As user-based attacks become the most common attack vector, the need to identify abnormal user behavior as an indication of an attack is growing. We'd like to share with you some new features that we're releasing in the upcoming weeks which enhance UserInsight's capability to detect and investigate attacks.

Attacker gets busted covering his tracks

You can't get good visibility to user behavior unless you have good visibility to activity on endpoints. That's why UserInsight scans every endpoint (and we can do it without an agent!).  By monitoring the endpoint, we can detect things that are only logged in the endpoint security logs and we've previously used this information to alert you to people trying to impersonate an administrator.  With this release, we're adding an alert whenever the attacker clears the event logs to tries to cover his or her tracks.  The new incident turns the attacker's natural desire for secrecy into a smoking gun pointing to exactly where they are on your network.

Get alerted when an attacker impersonates your CEO (or any other watch list user)

Impersonating another user -- such as an administrator -- is an indication of an attacker moving laterally in the network.  Last month we started alerting you when a user impersonated an administrator account. But what about your critical users? Is there any good reason for someone other than your CEO to have access to your CEO's account? We think not, which is why we now alert any time the users on your watch list are impersonated by another user.

Monitoring Endpoints: The start of something big.

Last month, UserInsight added monitoring of unusual processes running on users' endpoints. That provides visibility to unique processes that could indicate malware and help identify which users runs a specific process on their endpoints.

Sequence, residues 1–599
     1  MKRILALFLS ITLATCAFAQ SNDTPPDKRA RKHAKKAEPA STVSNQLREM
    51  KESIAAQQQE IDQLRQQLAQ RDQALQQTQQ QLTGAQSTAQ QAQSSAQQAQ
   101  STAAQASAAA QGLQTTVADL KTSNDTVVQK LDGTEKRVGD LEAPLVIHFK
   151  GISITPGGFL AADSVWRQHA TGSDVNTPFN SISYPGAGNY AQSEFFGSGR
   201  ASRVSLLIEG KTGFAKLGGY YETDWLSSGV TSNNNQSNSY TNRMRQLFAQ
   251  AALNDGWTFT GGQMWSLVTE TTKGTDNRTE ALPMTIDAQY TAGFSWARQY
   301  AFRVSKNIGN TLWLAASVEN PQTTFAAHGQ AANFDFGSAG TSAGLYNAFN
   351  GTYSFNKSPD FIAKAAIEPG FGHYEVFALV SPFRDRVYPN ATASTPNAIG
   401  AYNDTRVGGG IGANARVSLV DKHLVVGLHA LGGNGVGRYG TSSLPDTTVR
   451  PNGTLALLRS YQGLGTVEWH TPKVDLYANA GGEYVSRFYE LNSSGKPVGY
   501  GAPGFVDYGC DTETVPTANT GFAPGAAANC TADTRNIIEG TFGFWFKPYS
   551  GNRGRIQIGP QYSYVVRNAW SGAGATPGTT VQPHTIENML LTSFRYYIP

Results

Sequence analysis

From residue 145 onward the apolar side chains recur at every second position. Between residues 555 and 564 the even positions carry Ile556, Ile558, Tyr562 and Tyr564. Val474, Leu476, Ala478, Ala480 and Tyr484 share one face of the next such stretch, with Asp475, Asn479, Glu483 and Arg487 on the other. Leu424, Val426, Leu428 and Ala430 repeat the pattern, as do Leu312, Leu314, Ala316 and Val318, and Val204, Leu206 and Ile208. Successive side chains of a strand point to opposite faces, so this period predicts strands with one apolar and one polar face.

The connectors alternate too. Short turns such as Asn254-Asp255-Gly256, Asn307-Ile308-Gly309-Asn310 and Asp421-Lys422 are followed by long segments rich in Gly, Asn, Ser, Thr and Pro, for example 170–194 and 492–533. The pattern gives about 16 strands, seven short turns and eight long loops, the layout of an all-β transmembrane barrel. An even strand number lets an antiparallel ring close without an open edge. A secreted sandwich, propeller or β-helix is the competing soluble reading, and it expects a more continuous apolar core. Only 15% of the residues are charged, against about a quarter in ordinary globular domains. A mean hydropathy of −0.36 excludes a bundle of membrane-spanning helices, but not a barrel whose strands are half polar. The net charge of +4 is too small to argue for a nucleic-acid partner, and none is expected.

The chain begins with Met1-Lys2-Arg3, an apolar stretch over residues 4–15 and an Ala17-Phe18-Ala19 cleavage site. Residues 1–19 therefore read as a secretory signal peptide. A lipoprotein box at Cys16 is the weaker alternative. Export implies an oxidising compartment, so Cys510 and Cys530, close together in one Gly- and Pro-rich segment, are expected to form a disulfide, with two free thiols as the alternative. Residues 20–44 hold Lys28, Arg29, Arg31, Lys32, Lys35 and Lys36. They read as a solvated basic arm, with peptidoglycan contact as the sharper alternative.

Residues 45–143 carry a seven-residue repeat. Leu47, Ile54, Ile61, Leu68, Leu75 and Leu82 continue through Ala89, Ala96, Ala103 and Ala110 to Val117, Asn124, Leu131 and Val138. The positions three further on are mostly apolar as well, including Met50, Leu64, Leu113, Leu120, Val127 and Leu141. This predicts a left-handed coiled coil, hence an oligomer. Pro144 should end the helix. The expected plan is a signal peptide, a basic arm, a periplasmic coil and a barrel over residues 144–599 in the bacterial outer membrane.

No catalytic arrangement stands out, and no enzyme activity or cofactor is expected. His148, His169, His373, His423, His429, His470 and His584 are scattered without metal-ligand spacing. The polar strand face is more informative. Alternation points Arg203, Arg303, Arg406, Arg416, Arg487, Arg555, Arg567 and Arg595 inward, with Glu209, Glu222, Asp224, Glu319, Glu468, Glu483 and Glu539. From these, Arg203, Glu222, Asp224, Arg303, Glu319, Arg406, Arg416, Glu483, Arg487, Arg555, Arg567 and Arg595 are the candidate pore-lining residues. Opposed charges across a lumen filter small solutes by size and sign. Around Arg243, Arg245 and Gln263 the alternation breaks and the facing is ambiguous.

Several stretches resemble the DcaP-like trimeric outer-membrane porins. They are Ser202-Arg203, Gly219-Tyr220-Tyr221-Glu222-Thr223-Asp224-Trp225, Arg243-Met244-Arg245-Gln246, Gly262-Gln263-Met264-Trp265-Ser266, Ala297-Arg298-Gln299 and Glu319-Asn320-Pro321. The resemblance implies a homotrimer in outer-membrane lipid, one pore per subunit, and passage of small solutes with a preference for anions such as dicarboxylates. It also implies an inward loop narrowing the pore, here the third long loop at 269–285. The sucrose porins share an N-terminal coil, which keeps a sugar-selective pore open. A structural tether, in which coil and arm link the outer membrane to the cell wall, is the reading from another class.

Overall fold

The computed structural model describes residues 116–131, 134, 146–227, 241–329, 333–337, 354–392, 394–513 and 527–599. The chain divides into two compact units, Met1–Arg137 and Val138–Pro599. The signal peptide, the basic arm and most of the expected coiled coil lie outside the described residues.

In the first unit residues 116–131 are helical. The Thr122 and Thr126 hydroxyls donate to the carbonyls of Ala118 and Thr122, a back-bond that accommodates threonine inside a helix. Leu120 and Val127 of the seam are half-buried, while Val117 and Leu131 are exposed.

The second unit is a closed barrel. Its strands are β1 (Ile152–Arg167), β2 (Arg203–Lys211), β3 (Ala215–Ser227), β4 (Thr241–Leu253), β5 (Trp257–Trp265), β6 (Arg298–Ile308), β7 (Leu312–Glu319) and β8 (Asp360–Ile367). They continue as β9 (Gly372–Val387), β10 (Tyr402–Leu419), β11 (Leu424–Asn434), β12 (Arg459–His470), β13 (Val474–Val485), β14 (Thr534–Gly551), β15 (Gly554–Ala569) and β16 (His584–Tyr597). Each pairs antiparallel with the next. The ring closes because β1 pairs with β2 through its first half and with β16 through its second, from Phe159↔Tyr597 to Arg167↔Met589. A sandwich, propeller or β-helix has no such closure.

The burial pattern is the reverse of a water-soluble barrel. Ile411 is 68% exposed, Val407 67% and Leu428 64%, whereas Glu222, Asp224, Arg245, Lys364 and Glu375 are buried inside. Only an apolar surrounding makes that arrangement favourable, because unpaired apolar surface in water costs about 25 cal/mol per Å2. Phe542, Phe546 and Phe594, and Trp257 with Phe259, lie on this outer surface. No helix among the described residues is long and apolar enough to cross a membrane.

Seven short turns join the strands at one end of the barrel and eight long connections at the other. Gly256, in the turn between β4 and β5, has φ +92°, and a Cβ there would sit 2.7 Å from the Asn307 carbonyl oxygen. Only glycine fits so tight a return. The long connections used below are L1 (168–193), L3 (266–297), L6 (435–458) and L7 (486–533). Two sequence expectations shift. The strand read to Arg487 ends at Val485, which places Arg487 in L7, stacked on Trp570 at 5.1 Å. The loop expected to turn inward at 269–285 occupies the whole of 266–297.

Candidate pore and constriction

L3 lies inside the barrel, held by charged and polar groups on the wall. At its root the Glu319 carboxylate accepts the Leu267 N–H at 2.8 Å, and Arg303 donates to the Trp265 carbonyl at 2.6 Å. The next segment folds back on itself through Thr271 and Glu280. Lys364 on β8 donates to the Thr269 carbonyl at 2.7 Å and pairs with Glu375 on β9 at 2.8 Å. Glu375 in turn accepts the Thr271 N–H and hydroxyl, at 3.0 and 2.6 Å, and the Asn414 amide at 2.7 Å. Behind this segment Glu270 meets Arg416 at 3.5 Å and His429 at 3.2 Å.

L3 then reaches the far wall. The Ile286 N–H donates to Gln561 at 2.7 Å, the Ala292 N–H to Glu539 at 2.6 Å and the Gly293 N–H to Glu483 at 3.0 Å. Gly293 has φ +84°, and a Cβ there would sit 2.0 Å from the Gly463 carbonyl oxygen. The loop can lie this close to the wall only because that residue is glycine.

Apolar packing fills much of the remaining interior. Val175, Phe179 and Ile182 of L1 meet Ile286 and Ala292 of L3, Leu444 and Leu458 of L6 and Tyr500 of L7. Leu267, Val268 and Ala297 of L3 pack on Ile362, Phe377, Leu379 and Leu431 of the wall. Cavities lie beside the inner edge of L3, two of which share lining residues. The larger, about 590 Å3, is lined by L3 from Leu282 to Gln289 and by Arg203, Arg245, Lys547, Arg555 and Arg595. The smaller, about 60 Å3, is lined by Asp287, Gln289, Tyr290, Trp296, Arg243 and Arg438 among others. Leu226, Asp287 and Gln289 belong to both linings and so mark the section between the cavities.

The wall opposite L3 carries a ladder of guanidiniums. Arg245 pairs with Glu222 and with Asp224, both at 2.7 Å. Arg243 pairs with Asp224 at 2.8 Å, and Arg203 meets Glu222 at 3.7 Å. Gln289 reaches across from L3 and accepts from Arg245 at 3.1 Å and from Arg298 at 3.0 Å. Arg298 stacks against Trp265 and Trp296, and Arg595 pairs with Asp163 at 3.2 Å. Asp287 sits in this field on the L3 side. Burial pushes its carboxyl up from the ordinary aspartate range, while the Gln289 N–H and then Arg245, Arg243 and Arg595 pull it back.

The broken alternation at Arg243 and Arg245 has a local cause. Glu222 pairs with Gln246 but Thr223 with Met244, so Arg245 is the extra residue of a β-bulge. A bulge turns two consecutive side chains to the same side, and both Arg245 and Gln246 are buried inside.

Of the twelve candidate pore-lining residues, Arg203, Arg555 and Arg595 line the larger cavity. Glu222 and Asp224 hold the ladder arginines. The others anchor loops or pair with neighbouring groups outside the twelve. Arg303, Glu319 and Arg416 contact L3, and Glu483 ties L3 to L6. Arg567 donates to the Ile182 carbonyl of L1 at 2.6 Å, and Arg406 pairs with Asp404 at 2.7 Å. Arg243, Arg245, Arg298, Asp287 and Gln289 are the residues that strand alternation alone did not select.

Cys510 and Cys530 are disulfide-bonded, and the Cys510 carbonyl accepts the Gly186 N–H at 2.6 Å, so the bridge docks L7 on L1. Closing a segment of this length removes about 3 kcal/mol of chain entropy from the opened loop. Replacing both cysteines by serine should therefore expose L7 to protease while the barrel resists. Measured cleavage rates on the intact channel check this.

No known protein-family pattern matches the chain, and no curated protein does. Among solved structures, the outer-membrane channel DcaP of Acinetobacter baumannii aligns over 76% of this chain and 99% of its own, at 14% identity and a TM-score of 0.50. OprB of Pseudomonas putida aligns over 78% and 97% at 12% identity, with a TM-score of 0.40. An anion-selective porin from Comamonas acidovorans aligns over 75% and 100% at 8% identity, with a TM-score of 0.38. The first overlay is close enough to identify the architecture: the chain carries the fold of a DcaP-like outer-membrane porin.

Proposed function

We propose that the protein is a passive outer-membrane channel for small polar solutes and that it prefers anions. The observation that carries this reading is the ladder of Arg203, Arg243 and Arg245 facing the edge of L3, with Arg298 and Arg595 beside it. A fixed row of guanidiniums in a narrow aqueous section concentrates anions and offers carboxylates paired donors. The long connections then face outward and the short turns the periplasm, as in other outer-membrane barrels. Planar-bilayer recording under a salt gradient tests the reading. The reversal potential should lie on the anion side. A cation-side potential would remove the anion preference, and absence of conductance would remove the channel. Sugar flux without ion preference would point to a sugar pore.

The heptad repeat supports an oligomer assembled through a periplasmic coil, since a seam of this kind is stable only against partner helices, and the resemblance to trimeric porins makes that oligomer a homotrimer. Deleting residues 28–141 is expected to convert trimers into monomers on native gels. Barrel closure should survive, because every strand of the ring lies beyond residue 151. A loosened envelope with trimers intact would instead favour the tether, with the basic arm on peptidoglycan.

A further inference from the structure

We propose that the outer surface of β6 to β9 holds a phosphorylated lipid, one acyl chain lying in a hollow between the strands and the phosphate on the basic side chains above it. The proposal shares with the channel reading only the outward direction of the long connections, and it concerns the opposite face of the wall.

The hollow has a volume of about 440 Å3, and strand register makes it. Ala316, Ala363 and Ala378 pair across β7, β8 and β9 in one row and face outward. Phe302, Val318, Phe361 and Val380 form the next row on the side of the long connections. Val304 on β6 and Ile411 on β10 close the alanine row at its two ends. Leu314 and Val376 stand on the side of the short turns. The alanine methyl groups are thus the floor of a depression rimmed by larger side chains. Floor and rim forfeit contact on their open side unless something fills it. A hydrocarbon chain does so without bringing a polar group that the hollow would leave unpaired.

But without more insight into the endpoint, we couldn't gather the hashes of each process and other details like who signed it. We understand the “yet another agent” syndrome that is currently plaguing the security industry, so instead of deploying an agent we built what we are calling a dissolving monitor. We launch it from our central collector, it runs, and then it dissolves off the system.  There's nothing to maintain and no hassle from deploying an agent.

As we mentioned above when detecting attackers covering their tracks, we're proud of our ability to determine a lot about your endpoints without deploying any code.  We also have big plans for this dissolving monitor , so stay tuned, but in the meantime we started using it for extracting the process hashes, as this information improves our algorithms and allows you to link files with different names together.

Visualizing User Movement

We always want to know what a security team “does next” when they discover suspicious behavior on their network. There is so much information that could be gathered and every incident is different. Our goal is to make as much of this information instantly accessible as we can. This month we're starting to expose our User Graph. This is a map of every user and asset on your network and how they relate to one another. We feel this view has the potential to become an integral part of every team's incident response. It can answer a lot of questions really fast; for every asset you can instantly discover who's accessed it, who elevated privileges or changed identity?  Were local user accounts accessed? What outbound connection were made?

We've heard from security teams that getting visibility into what's happening on their network is really valuable and this gives a single view for a lot of that information.